While virtually all licenses and permits will require the foreclosing mezzanine lender to update the issuing entity of the new mailing address of the reconstituted property owner, a subset may also entail compliance with additional requirements in order to continue the validity of those licenses and permits, or to prevent their revocation or suspension, as a result of the change in ownership of the property owner. For example, liquor and gaming licenses for hospitality properties and operational licenses for health care, assisted living and skilled nursing facilities are generally subject to additional requirements, ranging from filings describing the change in ownership of the property owner to background checks for its new officers, directors and/or principals or even a requirement for making application for a new license or permit following the change in ownership. By contrast, if a license or permit was issued to a third-party operator or manager which will survive, or constitutes an entitlement of the property that will remain in effect, then no further action may be required. When an existing license or permit is rendered invalid or is revoked or suspended, or a new license is not issued, the reconstituted property owner may be required to suspend or cease the affected business or operations at the property until the license or permit is reinstated or a new license or permit is issued.
Special consideration should be given to condominium development projects, which are especially challenging to a foreclosing mezzanine lender for a number of reasons. These projects may involve completion of project construction and the marketing and sale of units (unless the mezzanine lender opts to abandon the condominium plan and convert the project to a rental property). The same defaults that would lead a mezzanine lender to decide to foreclose, and the foreclosure itself, often result in delays in construction and additional costs, which must be disclosed (along with the change in ownership of the property owner) to existing and prospective unit purchasers and which may necessitate additional filings with the relevant state office or officials and amendments to the condominium documents and/or plan. The preparation, filing and approval of these required disclosures and amendments can be costly and time-intensive, and the disclosures may trigger rescission rights of unit purchasers under the terms of existing contracts and/or applicable law. In addition, these factors may have a chilling effect on future marketing efforts and unit sales (as well as the sales prices for such units), which, in turn, may impact the timing of the effectiveness of the condominium plan or the financeability of unit purchases, or both.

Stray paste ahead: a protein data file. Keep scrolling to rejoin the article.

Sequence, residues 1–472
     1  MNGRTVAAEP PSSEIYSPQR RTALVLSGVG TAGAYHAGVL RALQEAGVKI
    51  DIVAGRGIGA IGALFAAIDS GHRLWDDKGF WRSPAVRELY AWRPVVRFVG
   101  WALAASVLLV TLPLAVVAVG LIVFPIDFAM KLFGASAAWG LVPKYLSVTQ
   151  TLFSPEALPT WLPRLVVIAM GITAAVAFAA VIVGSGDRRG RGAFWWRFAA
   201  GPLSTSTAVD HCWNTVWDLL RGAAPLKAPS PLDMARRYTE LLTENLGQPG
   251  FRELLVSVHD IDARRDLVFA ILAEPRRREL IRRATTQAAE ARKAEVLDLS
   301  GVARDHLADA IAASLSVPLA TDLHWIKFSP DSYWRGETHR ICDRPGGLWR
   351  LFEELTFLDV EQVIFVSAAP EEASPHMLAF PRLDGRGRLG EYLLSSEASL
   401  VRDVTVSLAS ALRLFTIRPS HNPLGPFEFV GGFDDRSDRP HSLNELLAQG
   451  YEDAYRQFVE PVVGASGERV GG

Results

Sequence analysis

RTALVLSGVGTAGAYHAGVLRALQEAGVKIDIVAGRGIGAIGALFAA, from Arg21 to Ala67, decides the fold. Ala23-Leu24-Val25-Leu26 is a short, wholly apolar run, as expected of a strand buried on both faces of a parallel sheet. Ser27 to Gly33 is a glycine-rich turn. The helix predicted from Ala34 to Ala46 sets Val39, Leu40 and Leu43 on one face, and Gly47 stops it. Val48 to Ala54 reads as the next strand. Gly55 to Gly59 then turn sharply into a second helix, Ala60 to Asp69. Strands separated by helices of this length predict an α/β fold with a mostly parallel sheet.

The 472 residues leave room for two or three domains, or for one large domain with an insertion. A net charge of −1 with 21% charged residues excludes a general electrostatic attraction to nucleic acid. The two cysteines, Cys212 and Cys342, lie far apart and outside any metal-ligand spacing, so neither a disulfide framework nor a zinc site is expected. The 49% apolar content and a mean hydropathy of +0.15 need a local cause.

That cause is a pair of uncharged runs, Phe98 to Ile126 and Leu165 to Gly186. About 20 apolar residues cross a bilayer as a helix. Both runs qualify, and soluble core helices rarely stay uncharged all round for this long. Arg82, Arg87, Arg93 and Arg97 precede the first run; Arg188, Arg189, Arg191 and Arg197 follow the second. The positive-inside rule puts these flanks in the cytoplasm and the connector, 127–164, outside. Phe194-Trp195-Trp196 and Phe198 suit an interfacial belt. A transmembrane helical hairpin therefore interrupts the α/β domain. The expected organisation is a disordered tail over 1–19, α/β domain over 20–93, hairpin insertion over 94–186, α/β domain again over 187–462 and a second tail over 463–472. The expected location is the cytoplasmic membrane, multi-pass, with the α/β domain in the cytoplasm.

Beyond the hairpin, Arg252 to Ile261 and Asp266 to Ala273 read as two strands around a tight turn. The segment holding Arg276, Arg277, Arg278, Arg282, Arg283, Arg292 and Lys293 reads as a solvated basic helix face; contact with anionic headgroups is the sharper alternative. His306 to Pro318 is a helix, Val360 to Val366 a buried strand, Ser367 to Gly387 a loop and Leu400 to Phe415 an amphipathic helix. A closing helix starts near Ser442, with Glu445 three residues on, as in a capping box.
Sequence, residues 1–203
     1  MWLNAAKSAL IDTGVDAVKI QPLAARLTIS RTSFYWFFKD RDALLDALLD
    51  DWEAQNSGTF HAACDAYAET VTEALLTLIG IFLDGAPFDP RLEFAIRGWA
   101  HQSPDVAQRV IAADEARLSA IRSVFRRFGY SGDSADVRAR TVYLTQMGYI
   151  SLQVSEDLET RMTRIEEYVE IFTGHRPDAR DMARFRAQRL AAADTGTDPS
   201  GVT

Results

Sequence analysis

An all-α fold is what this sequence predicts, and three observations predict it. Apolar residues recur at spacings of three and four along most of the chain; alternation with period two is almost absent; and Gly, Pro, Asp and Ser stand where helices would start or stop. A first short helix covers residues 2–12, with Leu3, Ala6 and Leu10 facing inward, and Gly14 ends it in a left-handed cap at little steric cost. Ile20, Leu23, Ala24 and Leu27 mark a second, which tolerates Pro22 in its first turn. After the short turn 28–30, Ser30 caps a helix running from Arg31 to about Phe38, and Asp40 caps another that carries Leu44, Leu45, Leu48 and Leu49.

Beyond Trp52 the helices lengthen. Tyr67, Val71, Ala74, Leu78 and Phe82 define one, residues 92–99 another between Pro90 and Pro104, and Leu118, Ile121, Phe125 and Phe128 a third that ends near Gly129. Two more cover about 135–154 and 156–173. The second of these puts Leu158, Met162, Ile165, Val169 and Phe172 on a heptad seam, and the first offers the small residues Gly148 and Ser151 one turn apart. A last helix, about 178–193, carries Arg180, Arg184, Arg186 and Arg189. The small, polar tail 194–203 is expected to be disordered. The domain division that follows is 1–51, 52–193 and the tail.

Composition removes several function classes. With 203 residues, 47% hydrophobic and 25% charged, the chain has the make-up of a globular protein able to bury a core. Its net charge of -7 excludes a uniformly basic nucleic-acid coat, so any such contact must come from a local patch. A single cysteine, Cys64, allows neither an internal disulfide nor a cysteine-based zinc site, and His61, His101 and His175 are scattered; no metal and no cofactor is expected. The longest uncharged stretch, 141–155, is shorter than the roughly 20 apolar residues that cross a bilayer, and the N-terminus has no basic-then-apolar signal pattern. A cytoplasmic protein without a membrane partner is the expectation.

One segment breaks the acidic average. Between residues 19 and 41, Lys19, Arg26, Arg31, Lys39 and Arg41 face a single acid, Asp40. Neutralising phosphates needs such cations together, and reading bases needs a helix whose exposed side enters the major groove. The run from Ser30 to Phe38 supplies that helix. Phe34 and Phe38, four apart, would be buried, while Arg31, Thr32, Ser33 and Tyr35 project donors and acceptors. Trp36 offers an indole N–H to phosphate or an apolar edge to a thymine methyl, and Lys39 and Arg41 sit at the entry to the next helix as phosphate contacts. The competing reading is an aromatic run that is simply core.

Because so much of the value of the collateral for a mezzanine loan depends upon the continued existence of the property owner and the maintenance of governmental franchises, licenses, permits, approvals and other authorizations to develop, use, operate and sell the property, the importance of giving due consideration to these matters when contemplating whether and, if so, when, to conduct a mezzanine loan foreclosure cannot be overstated. The mezzanine lender must carefully consider the scope of these franchises, licenses, permits, approvals and authorizations and understand the applicable laws, rules and regulations pertaining to their maintenance and continued validity following a change in ownership of the property owner.